the hollow, creaking tick, tick, tock
of bone, specks of bone sighing
tick tick tick,
drifting from the body
to the sidewalk before the market
where women drape babies across their backs
to carry bright bags of oranges,
blindly tracking through the bone-crumbs
that have dropped to sleep.
Their time-bomb babies tick away, too; mothers trudge past
the concrete wall lined with garbage bins
while birds and moons slip from the sticky tatters of a flowered skirt
and scurry from the gaze of an army
of clocks without hands, licking its lips.
The mirror thought
i was a window, didn’t know
from my toes, didn’t know
i wasn’t a pinkish sky
or a toddler on tiptoe, didn’t know
about the photograph of you
inside its frame, didn’t know
that any photograph of you
is a photograph of me, too,
but it knows
about the photograph of me
what if the thing that i feel is stronger than all the other things that i feel
what if my hands pulse because of it
and my eyelids give up because of it
and my chest is a bomb because of it
will it eat up all the other things
what sort of (brick, stone, quilts hung from clothespins) walls will it build
what sort of (letter-sized, moth-nested, bullet-shaped) holes will it gnaw
in the walls i already built
(it’s time we remind ourselves
things are made of walls,
skin bones coffee mugs guitars
are all things between i
and that other i
it’s time we wonder why
things are not made of skies
imagine steadying yourself on a cloud’s thin frame,
slumping against a little sunfall of light,
catching the eye of another slump
and stepping through the not-wall
your soul would come out from the rib-shadows
your ghost would go have a beer with the other ghosts
your hands could be doorknobs to which your fingers were the keys
and, opening your palms you would say
please, come in.
There is a trench carved into the ground
between a land called Life and another called Death,
a scar dragged across the arms of a world
that doesn’t know how to live and doesn’t know how to die.
It is a tunnel of safety,
filled with the blood of a dream that laid himself down
for the sake of the crown, for we are kings of hypocrisy,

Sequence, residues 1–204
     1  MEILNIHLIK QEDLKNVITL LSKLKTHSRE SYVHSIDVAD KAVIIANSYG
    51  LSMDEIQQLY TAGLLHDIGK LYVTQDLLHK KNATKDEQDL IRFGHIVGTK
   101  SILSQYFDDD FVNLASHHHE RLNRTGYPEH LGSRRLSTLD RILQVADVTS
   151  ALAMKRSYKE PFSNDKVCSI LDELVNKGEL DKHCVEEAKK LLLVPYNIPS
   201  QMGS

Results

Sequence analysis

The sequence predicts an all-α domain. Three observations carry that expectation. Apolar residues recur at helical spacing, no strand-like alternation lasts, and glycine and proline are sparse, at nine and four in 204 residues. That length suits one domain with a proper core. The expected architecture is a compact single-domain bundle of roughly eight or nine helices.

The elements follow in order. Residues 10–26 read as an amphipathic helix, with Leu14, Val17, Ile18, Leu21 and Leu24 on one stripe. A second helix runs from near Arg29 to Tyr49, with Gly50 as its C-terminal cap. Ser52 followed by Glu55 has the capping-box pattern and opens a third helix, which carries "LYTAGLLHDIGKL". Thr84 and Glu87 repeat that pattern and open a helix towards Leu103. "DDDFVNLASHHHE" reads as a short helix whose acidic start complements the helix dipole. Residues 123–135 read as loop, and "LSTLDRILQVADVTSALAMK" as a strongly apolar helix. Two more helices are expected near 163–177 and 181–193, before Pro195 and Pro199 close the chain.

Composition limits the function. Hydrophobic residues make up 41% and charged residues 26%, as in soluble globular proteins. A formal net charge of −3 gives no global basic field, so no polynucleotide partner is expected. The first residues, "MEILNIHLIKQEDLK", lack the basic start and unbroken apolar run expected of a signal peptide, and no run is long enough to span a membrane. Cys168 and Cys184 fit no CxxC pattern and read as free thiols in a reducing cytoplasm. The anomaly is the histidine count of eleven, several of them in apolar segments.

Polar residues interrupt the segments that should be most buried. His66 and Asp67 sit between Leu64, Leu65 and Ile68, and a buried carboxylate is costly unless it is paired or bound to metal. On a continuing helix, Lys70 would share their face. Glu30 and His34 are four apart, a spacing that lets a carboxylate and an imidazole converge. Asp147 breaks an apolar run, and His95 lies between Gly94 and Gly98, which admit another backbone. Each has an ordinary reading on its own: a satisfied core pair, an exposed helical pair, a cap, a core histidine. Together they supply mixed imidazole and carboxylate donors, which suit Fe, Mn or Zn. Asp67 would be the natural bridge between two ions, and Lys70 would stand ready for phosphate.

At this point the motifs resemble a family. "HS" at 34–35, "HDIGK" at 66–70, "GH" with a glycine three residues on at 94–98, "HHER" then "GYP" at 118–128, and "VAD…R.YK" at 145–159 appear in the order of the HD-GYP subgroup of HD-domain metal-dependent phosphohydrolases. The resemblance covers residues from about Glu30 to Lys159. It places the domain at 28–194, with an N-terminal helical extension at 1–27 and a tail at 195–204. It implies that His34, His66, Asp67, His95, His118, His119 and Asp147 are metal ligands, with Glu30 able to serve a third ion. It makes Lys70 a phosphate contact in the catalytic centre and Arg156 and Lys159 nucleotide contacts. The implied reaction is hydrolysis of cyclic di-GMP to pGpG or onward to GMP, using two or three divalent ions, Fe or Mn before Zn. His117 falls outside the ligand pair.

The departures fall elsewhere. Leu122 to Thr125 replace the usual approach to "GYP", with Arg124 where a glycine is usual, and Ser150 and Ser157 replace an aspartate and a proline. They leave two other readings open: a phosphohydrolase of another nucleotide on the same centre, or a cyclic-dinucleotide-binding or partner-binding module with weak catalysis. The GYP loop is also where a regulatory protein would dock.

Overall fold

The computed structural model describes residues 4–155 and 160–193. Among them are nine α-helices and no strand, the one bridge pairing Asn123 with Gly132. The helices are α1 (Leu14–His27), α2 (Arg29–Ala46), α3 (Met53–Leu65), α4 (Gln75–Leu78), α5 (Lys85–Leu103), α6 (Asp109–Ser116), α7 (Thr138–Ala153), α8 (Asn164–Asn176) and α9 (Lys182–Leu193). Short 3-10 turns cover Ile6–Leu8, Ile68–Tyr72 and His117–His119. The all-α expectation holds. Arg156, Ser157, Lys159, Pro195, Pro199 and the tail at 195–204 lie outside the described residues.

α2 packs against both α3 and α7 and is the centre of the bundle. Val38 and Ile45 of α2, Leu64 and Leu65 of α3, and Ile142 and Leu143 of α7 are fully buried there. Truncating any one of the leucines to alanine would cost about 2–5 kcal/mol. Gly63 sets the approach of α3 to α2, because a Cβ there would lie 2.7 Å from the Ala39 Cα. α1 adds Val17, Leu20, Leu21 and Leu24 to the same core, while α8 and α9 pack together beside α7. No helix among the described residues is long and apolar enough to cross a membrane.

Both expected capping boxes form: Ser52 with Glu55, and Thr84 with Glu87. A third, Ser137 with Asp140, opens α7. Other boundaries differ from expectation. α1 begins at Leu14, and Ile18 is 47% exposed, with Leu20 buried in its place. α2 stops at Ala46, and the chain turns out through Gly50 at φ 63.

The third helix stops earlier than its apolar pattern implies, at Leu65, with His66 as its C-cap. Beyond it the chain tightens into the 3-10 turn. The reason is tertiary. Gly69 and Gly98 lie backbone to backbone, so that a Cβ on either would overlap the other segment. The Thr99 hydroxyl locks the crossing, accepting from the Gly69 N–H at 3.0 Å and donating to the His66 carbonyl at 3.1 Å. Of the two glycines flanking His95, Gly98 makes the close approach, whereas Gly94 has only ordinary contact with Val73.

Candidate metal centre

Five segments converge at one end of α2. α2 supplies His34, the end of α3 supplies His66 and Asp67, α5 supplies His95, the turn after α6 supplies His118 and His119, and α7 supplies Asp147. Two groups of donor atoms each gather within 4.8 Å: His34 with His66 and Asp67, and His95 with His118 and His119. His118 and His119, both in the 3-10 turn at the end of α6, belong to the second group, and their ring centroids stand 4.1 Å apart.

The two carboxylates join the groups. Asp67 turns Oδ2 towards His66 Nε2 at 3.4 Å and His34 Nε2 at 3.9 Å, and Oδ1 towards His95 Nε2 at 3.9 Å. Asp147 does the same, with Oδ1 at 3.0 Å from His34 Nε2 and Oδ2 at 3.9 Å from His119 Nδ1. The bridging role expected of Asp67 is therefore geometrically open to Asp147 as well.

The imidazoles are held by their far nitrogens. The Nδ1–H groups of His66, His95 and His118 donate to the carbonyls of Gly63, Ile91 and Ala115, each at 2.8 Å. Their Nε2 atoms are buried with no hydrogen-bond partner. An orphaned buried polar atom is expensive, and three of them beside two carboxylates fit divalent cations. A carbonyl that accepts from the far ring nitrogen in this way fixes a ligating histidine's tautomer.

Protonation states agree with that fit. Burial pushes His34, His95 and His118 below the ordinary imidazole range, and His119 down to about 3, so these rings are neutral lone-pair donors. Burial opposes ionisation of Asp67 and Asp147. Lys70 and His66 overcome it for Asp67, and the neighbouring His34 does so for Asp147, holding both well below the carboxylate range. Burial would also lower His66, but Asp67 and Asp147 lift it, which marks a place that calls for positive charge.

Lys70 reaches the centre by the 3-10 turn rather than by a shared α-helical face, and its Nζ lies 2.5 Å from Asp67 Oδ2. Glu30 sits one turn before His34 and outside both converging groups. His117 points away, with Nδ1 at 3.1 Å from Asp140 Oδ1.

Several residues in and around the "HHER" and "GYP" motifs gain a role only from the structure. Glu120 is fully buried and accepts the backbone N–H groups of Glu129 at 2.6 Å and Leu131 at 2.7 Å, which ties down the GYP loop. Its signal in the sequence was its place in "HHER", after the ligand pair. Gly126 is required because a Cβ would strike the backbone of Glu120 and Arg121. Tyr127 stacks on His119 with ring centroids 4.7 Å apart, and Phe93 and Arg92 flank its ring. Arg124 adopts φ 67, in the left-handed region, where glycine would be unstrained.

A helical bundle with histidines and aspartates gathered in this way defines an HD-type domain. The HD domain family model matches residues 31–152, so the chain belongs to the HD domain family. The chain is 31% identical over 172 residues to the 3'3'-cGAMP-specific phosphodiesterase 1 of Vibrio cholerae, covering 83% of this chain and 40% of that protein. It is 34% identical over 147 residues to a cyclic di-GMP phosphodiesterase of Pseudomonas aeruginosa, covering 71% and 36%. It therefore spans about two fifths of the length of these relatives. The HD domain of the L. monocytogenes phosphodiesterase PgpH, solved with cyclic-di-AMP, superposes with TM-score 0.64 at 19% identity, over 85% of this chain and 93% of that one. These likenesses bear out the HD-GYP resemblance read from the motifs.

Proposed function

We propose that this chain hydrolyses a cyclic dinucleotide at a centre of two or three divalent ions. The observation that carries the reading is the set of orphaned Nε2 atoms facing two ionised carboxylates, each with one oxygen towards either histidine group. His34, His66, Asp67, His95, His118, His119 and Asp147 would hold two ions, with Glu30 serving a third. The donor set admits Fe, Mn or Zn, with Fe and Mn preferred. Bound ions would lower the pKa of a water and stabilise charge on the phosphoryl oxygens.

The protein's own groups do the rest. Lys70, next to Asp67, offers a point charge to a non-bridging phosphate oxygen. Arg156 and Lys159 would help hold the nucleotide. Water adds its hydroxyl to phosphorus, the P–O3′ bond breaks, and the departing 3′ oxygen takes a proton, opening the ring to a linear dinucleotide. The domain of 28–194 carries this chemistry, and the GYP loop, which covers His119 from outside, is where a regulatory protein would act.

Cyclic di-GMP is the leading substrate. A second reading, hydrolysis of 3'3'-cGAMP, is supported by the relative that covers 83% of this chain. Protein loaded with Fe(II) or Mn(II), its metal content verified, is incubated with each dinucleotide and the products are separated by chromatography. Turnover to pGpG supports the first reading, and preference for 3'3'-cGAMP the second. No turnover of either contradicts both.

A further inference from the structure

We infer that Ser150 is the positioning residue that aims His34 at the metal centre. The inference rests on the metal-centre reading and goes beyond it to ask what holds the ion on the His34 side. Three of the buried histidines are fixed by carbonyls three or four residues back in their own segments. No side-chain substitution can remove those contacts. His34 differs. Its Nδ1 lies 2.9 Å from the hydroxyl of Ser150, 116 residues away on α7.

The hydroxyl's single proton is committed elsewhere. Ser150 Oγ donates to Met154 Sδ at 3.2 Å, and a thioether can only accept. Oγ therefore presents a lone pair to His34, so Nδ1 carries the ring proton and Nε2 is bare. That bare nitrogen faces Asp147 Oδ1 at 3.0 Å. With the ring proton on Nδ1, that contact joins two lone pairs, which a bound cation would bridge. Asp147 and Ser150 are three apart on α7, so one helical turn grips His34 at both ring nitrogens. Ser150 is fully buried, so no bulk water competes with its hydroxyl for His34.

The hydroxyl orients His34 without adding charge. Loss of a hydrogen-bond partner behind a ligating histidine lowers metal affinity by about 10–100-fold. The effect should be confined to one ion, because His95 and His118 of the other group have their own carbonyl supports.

sitting on thrones of freedom but clinging to our chains.
We have the night to blame,
marching across the sky like a warrior who doesn’t know what he is fighting for,
and we cower against the walls of our broken reflections
like stars without light,
our souls lying limp across the palms of our hands,
awaiting a day when we are no longer travesties
but thieves of the night:
heroes, stealing darkness
and bringing the dream back to life.
I dreamt about a suitcase.
Fabric torn at the zipper.
I dreamt of black high heels,
just like mine,
resting on the white stripe
on the highway’s edge.
I dreamed that i looked out the window
but it was gone; i turned
to my sister to say, “What
the hell happened to
and she was gone.
I dreamt that the sun blinked at me
from the piles of dust at my feet;
i leaned down to touch it,
to touch the sun, because it was a dream
and you can do that sort of thing.
My fingers came away, suitcase-red.
I thought then that i would
wake up, because in movies
the girl pinches herself and she wakes up
but i did not wake up,
i could not
I dreamt that i was smothered in black ink
and my body was torn
Your Careless Elbow
“I am made of glass”
—have you heard it before?
—but, i am. Maybe not
fragile, not a vase of ballpoint pens perched
on the edge, waiting
to cry inky tears on the tile floor.
Maybe not see-through, not
a window stained with the fingerprints
of question marks gawking
at wild answers. Maybe not.
But maybe, if you knocked me from the table
with your careless elbow,
i’d boom hit
and maybe shards of words
would strike you in the forehead
and you’d cry inky tears,
and perhaps they would catch fire
on your cigarette, and you’d shrivel
up except for your ears,
and you’d still hear the ring
of laughing bits of glass,
The rocks are so tired of being thrown around
and the sand is so tired of being crashed upon
by the waves
day after day after day
and the sea is so tired of being tugged upon
—a bully with puppeteered fists,
whose strings are tied to the moon
and are always being yank-
and the rain is so tired of being
unwelcomed by the clouds,
and my arms are so
but the heaviness of my bones
as the moon’s grip on the sea.